Growing Ginger

Jan F M A M J J A S O N Dec
                       

Not recommended for growing in USA - Zone 5a regions

  • Plant pieces of fresh root showing signs of shoots. Best planted at soil temperatures between 20°C and 30°C. (Show °F/in)
  • Space plants: 15 cm apart
  • Harvest in approximately 25 weeks. Reduce water as plant dies back to encourage rhizome growth.
  • Compatible with (can grow beside): Grow in separate bed
  • Ginger plant
  • Ginger ready to harvest
  • Ginger root
  • New shoots of ginger

Ginger is a warm climate plant. It can be grown indoors in pots in cool/temperate areas. To grow well it needs lots of water and nutrients. Prepare the soil by adding compost which will retain some moisture but not get saturated. Add a small amount of sand to ensure drainage. Water regularly in summer to keep moist. In a pot, in addition to watering to keep moist, water ginger about once a fortnight with a seaweed or other liquid fertilizer. This perennial will die down in autumn. Remove the dead leaves. In spring lift the root clumps and break them up into smaller pieces to replant.

Harvesting Ginger

You can harvest ginger root after the plant dies down in winter, digging around the plant to cut off a piece of the older root. The young root with shoots is the actively growing plant and should be left to resprout.

You can also carefully dig down under the plant through the growing season to cut off bits of the older root for use, just be careful not to disturb the rest of the plant too much.

Let plants become well established before harvesting - it is often best to wait until the second growing season.

Make sure that you have edible ginger. Ginger plants sold in nurseries are usually decorative varieties and not suitable for eating.

Ginger can be grown in pots. The best growing temperature is around 25 - 30C (75-85F)

Culinary hints - cooking and eating Ginger

Ginger root freezes well either whole or grated, and can be used direct from the freezer in most recipes requiring fresh ginger.

Your comments and tips

24 Jan 22, Mssashi Ura (Australia - tropical climate)
I just discovered lots of curl grubs in ginger roots when I replanted them because they are not going well. Is there any method to prevent curl grubs? Neem oil works but is not suitable for edible plants.
27 Jan 22, Anonymous (Australia - sub-tropical climate)
Use Condy's crystals. Something like tea spoon in 1-2l of water.
20 Jan 22, Mosushi (Australia - tropical climate)
I have been growing ginger in rectangular pot (20cm deep, 20cm X20cm width). It has been growing but lately some of leaves turned yellow and the plan is not growing well. I moved the pot to an area with more shade because I thought it was getting too much sun but leaves are still turning yellow. The soil is almost always moist or wet so I don't think there is shortage of water. I just want to know what is the reason of poor growth. The pot was initially filled with good potting mix which should last 6 months. Do I need to give liquid fertilizer or something? If so, how much should I give?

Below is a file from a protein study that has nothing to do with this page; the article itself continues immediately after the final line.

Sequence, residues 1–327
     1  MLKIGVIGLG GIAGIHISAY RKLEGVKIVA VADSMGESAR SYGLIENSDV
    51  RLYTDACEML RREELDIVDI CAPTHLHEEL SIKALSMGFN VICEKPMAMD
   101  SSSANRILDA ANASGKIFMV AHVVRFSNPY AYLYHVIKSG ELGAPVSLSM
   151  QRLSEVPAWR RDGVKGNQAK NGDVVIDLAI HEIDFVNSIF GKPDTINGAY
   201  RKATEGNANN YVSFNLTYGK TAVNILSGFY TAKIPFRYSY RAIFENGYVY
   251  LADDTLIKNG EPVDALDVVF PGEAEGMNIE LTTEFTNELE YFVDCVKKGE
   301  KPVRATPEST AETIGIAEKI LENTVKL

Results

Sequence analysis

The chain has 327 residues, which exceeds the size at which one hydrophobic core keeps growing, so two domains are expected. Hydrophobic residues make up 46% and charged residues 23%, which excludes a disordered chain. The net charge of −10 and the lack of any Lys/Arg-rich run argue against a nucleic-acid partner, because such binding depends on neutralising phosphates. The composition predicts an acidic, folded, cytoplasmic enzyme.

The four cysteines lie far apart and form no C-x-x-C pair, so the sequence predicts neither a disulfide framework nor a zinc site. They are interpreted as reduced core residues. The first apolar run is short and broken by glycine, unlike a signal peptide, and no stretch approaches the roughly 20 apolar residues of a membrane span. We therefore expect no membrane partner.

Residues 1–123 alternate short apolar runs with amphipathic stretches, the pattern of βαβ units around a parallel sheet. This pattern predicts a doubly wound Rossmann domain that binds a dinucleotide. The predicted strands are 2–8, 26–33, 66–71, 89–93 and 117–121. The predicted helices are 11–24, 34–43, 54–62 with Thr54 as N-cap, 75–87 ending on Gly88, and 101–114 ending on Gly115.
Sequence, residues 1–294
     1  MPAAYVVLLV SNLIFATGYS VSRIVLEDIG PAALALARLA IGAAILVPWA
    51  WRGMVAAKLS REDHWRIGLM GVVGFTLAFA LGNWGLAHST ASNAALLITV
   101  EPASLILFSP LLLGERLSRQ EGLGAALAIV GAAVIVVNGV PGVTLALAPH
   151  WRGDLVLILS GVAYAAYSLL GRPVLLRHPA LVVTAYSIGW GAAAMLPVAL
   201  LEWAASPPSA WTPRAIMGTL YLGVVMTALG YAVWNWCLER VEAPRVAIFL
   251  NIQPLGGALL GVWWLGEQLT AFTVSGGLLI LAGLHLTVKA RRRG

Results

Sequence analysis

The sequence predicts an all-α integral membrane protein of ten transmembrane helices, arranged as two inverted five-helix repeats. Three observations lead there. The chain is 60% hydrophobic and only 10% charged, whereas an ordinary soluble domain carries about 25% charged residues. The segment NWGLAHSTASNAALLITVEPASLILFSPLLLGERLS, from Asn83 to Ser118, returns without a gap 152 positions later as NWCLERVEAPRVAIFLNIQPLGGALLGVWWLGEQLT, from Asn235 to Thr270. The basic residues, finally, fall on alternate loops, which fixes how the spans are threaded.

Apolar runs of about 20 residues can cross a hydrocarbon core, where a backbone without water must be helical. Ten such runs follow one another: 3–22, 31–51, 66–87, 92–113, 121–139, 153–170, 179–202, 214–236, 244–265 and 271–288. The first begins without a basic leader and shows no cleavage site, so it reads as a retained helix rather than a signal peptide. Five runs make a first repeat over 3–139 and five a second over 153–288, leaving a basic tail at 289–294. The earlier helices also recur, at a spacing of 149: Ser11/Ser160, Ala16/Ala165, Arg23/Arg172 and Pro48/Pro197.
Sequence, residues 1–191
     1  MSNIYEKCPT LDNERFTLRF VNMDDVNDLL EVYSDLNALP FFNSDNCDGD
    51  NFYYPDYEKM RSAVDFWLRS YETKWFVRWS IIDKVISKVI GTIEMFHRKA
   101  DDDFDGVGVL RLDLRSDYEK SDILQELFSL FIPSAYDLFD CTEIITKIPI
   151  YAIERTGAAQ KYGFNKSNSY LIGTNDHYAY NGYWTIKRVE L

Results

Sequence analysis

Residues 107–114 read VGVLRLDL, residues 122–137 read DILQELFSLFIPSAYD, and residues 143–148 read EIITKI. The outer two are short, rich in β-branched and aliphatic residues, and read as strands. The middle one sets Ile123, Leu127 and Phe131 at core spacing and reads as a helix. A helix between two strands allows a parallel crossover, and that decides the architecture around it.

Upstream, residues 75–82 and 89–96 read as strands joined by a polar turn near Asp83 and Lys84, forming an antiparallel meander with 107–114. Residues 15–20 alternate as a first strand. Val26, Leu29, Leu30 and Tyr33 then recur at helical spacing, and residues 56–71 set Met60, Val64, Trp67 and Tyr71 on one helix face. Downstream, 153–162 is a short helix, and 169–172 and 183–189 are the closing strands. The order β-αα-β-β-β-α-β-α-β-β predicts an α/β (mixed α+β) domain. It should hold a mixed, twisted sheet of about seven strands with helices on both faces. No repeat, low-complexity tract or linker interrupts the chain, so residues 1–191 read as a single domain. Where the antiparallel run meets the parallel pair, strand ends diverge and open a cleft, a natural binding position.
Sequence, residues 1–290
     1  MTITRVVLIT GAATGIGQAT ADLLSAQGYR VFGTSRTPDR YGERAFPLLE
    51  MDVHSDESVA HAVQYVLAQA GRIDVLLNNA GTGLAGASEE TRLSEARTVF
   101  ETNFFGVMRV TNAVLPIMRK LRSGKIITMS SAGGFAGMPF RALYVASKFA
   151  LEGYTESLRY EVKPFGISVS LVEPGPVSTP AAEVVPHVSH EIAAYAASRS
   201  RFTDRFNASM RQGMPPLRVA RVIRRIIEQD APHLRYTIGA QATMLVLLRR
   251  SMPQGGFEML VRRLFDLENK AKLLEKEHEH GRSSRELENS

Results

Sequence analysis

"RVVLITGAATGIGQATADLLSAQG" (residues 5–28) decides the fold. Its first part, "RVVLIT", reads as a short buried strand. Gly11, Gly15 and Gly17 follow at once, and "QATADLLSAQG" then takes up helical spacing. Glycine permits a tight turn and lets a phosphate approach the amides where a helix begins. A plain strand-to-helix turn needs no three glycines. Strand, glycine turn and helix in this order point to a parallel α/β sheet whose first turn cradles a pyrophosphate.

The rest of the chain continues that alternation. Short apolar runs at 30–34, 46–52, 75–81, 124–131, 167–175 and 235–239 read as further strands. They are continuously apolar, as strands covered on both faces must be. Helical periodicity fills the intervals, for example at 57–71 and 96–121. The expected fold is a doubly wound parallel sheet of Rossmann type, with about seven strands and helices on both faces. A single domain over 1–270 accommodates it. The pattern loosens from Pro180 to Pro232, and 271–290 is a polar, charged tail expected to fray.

24 Jan 22, Anonymous (Australia - sub-tropical climate)
If in pots they need more regular fertilising, Go by the label.
17 Jan 22, (South Africa - Semi-arid climate)
I would like to grow black ginger in my ward
31 Dec 21, Alesia (USA - Zone 9b climate)
Can I plant Ginger and Turmeric in the month of January? Zone 9b
06 Jan 22, Janet F (USA - Zone 6b climate)
Just checked my ginger pots, many little sprouts starting ( Basically like potatoes) so I just watered well and put them back on the heat mat. I bought the ginger at Whole Foods and rinsed it well in case of any growth inhibitors, cut it in 1-2” chunks with a few places that looked like they could be eyes, planted it in potting soil( 2-3 pieces per 6” pot) just barely covered and watered , put on heat mat with plastic wrap over since our house is old and drafty. But in zone 9 you may have a long enough growing time, I don’t so figured they’d need a head start.
06 Jan 22, Janet F (USA - Zone 6b climate)
You can start it inside. Check you tube, many videos. The rusted gardener has one, in bags on top of the fridge by see video for details. I tried some just in seed started but they didn’t sprout so about to do it in the bag method. Then pot up and outside after frost.
04 Jan 22, (USA - Zone 9b climate)
Probably not - if there is no P S or T's in any of the months in the planting calendar then you don't have the climate for it.
26 Nov 21, Dir.k klyn (Australia - temperate climate)
Any body growing black ginger it comes from thailand china areas
Showing 1 - 10 of 418 comments

We're taking a break and there will be delays processing comments over the holiday season. Happy Christmas and Happy New Year!

Local weather conditions come into play, here is only a guide.

- Anonymous

Please provide your email address if you are hoping for a reply


All comments are reviewed before displaying on the site, so your posting will not appear immediately

Gardenate App

Put Gardenate in your pocket. Get our app for iPhone, iPad or Android to add your own plants and record your plantings and harvests

Planting Reminders

Join our 60,000+ gardeners who already use Gardenate and subscribe to the free Gardenate planting reminders email newsletter.


Home | Vegetables and herbs to plant | Climate zones | About Gardenate | Contact us | Privacy Policy

This planting guide is a general reference intended for home gardeners. We recommend that you take into account your local conditions in making planting decisions. Gardenate is not a farming or commercial advisory service. For specific advice, please contact your local plant suppliers, gardening groups, or agricultural department. The information on this site is presented in good faith, but we take no responsibility as to the accuracy of the information provided.
We cannot help if you are overrun by giant slugs.